I know that some of you out there may be scoffing at this idea because a) it's not invisible, b) wearing a 5 pound collar made of nylon fabric, with accelerometer and sodium azide/postassium nitrate canisters around your neck looks potentially more uncomfortable than a 250 gram styrofoam lid, c) turtlenecks are so.....yesterday (kind of like cars) d) it was designed by feeble-minded girls.  But I disagree and have already ordered a couple.  Sure, I'm a little worried about premature inflation when I eat shit going over the first set of barriers racing cross this season - but after that, my noggin is going to be living the sweet life for the rest of the race, tucked away safely in its own personal blimp-crib, while yours is going to look like a giant, swollen, uncomfortable, hard mushroom.

And as much as I am going to love using this little gem, I have to warn these women that this isn't the first time someone has tried to re-invent an everyday necessity so that it wouldn't have to be there to uncomfortably nag at you when you didn't want it to, but rather could be summoned with a simple puff of air should the "need" arise...

Thus, I've engaged in my own entrepreneurial spirit and have taken the liberty of combining the two ideas.  Now you can kill two birds with one stone and have your inflatable companion ride your bike with you while simultaneously protecting your head!

And it didn't even cost me 10 million dollars.  

Tuesday, August 14, 2012

Racing bikes: a beautiful cul-de-sac.

As most of you have already heard, or read, last Sunday, an op-ed piece ran in the New York Times titled "How to Get Doping Out of Sports" penned by Garmin-Sharp team director Jonathan Vaughters in which he admits to doping during his career as a professional bike racer.  If you've not read it, you can find it here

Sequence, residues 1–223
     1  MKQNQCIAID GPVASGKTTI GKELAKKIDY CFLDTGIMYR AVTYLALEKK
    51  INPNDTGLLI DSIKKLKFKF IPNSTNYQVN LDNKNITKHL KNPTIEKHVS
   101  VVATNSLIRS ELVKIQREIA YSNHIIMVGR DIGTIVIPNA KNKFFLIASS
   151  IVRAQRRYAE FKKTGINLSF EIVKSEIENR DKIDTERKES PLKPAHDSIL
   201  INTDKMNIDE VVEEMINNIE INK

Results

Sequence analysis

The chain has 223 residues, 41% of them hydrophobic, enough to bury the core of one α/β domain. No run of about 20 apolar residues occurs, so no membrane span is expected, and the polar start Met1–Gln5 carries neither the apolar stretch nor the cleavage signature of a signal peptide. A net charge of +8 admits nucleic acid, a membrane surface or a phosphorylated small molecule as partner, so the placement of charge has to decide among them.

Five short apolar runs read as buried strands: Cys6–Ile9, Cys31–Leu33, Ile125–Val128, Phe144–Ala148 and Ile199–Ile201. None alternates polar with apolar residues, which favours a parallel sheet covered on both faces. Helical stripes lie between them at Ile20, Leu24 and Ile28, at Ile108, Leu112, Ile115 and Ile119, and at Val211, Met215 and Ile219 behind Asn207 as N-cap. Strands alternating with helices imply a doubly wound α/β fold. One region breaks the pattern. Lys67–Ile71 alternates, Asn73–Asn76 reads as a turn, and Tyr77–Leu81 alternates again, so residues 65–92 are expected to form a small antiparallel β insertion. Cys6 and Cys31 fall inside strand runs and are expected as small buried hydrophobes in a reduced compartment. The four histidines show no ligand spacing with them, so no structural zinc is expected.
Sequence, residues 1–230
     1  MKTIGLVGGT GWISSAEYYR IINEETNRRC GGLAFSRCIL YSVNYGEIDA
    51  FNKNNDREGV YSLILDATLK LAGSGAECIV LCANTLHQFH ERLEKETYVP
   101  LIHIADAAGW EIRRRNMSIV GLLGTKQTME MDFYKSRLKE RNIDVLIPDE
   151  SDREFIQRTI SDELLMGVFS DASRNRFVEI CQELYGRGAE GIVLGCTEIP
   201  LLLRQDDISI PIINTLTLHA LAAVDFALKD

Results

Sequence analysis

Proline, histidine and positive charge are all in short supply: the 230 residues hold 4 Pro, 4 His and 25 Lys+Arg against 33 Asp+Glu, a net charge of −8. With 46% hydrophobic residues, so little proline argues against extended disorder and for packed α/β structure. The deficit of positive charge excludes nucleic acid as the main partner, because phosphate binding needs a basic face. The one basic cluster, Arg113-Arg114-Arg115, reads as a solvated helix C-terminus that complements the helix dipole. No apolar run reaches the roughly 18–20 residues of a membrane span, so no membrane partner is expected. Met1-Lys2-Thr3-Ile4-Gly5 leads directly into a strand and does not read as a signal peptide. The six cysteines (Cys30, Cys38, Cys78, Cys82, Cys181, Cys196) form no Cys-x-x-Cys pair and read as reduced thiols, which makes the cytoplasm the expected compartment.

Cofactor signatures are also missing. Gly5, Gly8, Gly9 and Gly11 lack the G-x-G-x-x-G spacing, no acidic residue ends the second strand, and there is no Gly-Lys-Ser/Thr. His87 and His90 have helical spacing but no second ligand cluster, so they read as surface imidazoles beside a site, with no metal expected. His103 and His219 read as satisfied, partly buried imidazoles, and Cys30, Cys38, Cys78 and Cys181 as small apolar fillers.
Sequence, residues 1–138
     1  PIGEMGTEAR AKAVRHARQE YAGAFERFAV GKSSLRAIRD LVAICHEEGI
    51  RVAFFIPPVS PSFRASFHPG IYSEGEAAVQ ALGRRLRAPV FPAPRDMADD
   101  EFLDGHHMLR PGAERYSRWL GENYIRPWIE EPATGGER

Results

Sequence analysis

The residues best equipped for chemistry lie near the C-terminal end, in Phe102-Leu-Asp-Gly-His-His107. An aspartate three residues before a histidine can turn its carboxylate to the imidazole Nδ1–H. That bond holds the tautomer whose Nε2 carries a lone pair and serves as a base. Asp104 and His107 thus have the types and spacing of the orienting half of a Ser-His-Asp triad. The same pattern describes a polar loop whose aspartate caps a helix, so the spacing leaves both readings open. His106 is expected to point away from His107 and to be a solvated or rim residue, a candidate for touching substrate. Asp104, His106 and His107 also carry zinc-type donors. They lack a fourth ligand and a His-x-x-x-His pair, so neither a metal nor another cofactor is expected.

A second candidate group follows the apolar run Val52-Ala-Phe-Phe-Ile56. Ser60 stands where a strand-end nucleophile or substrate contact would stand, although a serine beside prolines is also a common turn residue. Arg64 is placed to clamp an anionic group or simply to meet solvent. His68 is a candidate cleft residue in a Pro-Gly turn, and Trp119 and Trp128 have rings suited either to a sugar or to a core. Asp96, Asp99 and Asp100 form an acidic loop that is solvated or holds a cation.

For any of you that follow professional racing, this was not really news.  Vaughters has been hinting about using performance enhancing drugs ever since forming the early Slipstream team, which has since evolved into the current Garmin-Sharp-Barracuda squad.  In fact, the subject of his hints of a doping past were, in many ways, the inspiration for wanting to form a 100% clean team.  That said, he never came out and fully admitted to doping before, and certainly never revealed any details about the who, what, why and where of it all.
In his op-ed in the Times, he does fully admit to doping, but still does not reveal the who, what, why and where of it all.  At first, the response to his article from bloggers and writers was universal praise and gratitude.  Individuals on Twitter, and bike forums thanked Vaughters and even claimed to be moved to tears by his tale of growing from a small boy with a weird alarm clock, to a young adult who never got to go to Homecoming or the Prom because of his dogged pursuit of a dream to race in Europe which was ultimately realized, only to have his dream crushed by the pressure to dope in a widely corrupt sport.  The story worked in generating a lot of sympathy from a lot of observers.

But since the initial positive response to his admission, there has been a slowly building backlash not directly against Vaughters himself, or his admission necessarily, but rather to how and why he chose to air this confession.  As most know, the USADA is on the cusp of getting jurisdiction over the Lance Armstrong case and moving forward with arbitrating his alleged doping, and Vaughters is widely thought to have provided witness testimony of doping practices while on the US Postal team.  Neil Browne, cycling analyst and writer, suggests that Vaughters authored his recent piece with motivation not purely by what would benefit the sport, but what would benefit him personally, and is thus a "Jedi Master of Spin."